Brazilian soybean farmers are in no rush to sell this year’s crop. A global soybean shortage coupled with high demand and an expected price rise has led farmers to hold onto their beans and wait. Brazil is the world’s largest producer and exporter of soybeans — the U.S. is second — accounting for about 44.3 per cent of the total global value of exports in 2020.
China is the world’s largest soybean importer, using soymeal to feed its growing hog and poultry operations, and fueling demand in countries that grow it. Farmers in Brazil have other reasons for holding onto their soybean crop. Growing political tensions in the nation could decrease the value of the real, the Brazilian currency. La Niña weather conditions will probably increase levels of drought and reduce soybean yields next season.
Brazilian farmers want local processing industries and exporters to pay them more, according to Reuters. This would further augment global soybean prices, which are currently at an eight-year high. The average soybean price in 2020 was $380 bushels per tonne; in the fi rst half of 2021, it became $544 per tonne, according to Global Trade.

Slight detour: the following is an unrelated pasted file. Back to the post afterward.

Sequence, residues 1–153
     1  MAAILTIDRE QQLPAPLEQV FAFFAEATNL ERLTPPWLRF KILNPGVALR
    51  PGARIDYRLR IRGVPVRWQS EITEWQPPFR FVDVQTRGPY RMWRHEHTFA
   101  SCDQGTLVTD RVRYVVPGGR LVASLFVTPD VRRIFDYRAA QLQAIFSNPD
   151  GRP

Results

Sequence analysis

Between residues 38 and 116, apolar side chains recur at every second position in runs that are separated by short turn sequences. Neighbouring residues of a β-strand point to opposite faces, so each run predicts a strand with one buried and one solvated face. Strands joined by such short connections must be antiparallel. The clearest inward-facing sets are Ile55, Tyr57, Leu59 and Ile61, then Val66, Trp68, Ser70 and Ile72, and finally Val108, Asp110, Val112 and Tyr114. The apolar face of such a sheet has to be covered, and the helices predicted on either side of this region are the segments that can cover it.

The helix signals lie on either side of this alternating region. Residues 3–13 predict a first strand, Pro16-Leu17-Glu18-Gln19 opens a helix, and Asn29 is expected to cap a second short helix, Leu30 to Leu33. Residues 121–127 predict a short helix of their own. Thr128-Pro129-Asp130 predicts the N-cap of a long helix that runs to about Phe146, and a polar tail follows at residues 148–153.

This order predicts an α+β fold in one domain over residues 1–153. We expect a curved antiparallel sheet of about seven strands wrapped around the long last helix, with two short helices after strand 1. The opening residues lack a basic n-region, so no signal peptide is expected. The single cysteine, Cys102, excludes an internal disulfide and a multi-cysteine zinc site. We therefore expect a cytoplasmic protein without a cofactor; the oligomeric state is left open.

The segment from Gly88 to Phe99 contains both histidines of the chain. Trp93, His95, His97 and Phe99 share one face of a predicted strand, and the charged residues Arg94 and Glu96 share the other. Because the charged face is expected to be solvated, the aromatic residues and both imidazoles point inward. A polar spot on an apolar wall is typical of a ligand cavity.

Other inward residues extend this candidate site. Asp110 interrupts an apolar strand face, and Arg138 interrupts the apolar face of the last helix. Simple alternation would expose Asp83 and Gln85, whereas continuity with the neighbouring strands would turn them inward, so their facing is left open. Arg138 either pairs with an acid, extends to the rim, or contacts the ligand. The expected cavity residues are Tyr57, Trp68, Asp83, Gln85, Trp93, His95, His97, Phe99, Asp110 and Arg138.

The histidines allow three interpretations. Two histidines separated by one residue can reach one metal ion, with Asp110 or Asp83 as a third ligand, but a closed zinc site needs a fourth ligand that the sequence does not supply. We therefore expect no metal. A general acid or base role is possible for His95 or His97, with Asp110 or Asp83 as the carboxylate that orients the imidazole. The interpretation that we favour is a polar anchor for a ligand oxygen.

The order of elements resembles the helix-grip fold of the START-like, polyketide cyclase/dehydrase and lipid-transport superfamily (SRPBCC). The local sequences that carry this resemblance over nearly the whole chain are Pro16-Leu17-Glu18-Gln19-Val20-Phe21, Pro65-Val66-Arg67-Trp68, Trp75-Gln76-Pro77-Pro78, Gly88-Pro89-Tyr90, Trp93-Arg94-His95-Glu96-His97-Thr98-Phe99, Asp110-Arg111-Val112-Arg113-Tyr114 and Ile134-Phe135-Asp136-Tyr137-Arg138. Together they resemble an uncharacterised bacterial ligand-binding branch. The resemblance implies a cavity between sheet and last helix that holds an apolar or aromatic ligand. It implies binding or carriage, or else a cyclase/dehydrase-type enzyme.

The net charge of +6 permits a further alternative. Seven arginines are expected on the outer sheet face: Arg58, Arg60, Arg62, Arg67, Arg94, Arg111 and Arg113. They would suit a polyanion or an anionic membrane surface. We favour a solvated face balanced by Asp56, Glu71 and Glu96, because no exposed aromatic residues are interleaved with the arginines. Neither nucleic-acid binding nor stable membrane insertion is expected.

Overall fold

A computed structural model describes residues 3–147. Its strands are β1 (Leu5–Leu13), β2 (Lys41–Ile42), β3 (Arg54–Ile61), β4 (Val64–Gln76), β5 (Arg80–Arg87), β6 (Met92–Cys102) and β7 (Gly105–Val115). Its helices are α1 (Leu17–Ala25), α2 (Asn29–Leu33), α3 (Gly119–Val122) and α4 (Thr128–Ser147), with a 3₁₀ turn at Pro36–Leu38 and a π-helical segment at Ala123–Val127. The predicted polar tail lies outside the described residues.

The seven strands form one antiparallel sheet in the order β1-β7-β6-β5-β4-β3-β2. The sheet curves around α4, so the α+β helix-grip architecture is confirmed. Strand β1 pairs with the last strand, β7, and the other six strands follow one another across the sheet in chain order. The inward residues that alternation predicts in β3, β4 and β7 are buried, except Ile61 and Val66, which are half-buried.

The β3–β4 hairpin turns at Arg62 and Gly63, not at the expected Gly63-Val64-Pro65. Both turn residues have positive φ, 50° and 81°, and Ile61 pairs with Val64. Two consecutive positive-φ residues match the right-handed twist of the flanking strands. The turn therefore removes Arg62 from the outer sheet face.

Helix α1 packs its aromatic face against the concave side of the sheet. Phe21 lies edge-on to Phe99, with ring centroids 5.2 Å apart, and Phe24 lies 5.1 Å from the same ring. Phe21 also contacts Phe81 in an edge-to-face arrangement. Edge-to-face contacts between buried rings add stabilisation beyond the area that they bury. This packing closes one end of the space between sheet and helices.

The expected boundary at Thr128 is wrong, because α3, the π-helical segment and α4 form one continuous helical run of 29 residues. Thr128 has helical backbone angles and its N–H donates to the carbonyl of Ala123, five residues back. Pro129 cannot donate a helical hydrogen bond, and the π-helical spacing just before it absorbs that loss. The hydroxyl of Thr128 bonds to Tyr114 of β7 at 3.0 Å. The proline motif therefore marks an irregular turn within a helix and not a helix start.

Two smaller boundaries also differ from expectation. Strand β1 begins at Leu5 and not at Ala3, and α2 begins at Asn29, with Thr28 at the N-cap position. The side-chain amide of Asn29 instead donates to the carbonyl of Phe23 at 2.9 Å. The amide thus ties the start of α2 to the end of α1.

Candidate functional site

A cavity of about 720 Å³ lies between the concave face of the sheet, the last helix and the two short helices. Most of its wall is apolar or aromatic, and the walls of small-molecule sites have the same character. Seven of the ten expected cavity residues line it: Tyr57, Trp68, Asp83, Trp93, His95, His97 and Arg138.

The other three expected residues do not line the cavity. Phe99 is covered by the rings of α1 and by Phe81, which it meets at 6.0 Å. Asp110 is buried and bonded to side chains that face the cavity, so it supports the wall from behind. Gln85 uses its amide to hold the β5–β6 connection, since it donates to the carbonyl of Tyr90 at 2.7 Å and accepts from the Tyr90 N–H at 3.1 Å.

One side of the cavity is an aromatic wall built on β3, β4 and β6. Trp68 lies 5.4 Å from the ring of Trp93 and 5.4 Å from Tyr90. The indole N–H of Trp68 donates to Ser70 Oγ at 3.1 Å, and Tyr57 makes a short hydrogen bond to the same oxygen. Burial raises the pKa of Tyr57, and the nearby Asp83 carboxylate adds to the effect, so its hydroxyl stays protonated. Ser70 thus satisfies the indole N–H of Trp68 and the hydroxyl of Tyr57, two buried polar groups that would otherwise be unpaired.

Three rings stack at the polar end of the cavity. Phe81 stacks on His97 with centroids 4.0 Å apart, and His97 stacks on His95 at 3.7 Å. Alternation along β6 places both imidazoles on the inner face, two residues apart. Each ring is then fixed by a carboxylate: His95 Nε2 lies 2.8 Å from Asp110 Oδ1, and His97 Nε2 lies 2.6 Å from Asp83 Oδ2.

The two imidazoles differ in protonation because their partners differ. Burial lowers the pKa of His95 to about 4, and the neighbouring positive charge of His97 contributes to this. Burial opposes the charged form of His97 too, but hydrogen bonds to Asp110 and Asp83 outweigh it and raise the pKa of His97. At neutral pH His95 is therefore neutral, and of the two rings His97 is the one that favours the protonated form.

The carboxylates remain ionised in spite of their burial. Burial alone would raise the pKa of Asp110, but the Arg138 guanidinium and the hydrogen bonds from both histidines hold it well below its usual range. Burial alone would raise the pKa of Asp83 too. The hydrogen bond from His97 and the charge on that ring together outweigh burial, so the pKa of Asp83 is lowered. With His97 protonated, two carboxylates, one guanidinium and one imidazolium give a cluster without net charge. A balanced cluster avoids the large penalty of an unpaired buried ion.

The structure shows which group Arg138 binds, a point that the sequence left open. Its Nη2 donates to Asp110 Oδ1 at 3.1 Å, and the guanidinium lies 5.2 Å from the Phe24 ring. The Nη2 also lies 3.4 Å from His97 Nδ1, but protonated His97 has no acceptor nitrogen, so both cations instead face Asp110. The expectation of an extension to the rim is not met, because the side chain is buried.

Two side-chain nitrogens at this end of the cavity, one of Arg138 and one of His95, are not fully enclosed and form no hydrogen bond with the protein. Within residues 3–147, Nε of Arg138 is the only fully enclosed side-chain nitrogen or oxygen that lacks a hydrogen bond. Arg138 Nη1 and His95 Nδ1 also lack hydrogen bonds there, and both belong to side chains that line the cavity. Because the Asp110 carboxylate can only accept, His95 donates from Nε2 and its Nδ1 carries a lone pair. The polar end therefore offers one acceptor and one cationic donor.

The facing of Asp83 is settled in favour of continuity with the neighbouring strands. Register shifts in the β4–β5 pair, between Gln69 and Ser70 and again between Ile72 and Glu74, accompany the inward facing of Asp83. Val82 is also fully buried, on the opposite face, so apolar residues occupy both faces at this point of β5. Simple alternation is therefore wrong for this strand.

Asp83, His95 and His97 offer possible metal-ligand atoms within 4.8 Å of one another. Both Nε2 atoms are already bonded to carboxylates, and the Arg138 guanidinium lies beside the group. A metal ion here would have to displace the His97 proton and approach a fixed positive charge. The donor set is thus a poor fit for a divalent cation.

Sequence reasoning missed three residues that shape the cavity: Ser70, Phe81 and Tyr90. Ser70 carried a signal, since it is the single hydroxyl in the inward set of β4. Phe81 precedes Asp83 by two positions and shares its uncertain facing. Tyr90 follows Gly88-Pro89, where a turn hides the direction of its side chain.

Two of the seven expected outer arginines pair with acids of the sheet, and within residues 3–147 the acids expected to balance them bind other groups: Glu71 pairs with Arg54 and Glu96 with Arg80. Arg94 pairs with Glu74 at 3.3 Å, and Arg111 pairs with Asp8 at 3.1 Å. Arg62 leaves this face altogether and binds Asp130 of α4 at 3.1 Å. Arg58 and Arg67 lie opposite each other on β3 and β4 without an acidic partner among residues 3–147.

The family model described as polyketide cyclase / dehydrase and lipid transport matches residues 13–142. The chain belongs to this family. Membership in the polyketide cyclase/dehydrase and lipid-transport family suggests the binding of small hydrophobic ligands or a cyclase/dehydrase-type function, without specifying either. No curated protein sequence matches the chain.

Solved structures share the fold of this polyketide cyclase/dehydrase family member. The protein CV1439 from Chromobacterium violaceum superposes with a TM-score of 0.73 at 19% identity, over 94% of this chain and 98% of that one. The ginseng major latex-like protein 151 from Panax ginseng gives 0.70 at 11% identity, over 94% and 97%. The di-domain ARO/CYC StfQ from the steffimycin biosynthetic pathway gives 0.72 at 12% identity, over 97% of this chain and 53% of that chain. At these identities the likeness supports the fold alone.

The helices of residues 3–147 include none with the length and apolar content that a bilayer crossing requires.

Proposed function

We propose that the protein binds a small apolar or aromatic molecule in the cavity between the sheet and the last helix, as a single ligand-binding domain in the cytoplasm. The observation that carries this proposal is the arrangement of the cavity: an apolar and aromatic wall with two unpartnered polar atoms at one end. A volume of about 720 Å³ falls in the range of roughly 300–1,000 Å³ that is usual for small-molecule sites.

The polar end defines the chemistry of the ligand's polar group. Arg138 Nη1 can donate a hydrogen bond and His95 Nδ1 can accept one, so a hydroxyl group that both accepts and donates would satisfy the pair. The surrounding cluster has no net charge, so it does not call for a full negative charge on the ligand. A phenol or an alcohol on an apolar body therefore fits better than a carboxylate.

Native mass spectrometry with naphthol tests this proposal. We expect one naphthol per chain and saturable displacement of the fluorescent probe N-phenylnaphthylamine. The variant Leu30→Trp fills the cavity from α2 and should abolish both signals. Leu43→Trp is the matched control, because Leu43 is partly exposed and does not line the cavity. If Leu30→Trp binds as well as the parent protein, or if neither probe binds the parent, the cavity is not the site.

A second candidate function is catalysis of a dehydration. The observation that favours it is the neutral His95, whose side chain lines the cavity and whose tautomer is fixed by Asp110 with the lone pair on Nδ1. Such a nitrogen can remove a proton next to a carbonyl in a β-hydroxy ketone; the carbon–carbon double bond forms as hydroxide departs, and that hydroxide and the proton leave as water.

In Brazil’s southern states, farmers have sold just over half of their 2021 crop of nearly 25 million tonnes. They still have 12.4 million tonnes of soybeans to sell, according Safras & Mercado, an agribusiness consulting firm in Brazil. Many producers are eagerly hoping prices reach $14 per bushel. One of Brazil’s top soybean states is Rio Grande do Sul. There, farmers sold 62 per cent of their 2021 harvest in August, which is 11 percentage points below the historical average, according Safras & Mercado. By August of 2020, farmers in Rio Grande do Sul had pre-sold about 27 per cent of their future soybean crop and farmers in Paraná, another soybean state, had sold 45 per cent.
This year, only about 12 per cent of both the states’ future crop combined has been committed for sale, according to Safras & Mercado. Brazilian soybean processors are ready to pay more than export markets, desperately trying to get farmers to sell, says Reuters. Soybean farmers benefi ted from high prices in late 2020 and can afford the wait.